There are several ways that untrusted environments can lead to attacks. For example, an operating system can be downgraded to a more vulnerable version. And that version can then be exploited. Similarly, a device itself can be jailbroken by its owner or user, putting it in a weaker state and more open to attack. A device can also be deliberately rooted via inherent weaknesses in its hardware. These are common risks faced by companies across industries.
How we help
Our products protect your app so they can be used safely in any environment. They come with multiple defense mechanisms, including encryption and obfuscation. This hardens your apps and secures their code and content. We also employ anti-tampering measures. And we carry out sensitive crypto operations and store key material and logic where attackers can’t get to them.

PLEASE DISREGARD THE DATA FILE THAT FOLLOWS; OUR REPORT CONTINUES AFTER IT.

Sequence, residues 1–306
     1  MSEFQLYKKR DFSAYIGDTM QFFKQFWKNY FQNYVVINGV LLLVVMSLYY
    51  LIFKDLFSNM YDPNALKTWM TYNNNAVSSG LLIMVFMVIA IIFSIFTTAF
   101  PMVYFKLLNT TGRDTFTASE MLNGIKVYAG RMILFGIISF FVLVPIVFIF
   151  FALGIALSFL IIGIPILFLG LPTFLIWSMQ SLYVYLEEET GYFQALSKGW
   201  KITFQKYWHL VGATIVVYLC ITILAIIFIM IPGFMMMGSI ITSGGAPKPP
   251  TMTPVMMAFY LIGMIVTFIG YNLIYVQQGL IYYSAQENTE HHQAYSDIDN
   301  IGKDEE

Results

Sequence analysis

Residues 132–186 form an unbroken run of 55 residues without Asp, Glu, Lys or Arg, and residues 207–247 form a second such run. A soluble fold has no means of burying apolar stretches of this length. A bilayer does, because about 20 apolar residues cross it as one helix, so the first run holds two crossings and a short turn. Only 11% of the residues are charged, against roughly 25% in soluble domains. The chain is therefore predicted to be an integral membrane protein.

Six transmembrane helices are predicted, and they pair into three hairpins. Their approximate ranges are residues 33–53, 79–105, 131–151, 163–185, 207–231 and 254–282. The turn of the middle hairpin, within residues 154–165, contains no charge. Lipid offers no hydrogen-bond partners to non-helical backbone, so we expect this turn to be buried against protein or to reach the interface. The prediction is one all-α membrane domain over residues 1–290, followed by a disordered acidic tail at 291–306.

Environment checks are also an important part of our protection process. These checks make sure that nothing has been modified within your app and look for signs of debugging and emulators. We also offer risk analysis to give you an instant view of the threats surrounding your apps. Armed with these insights, you can be confident your apps are up to the task of defending attacks wherever they're being used.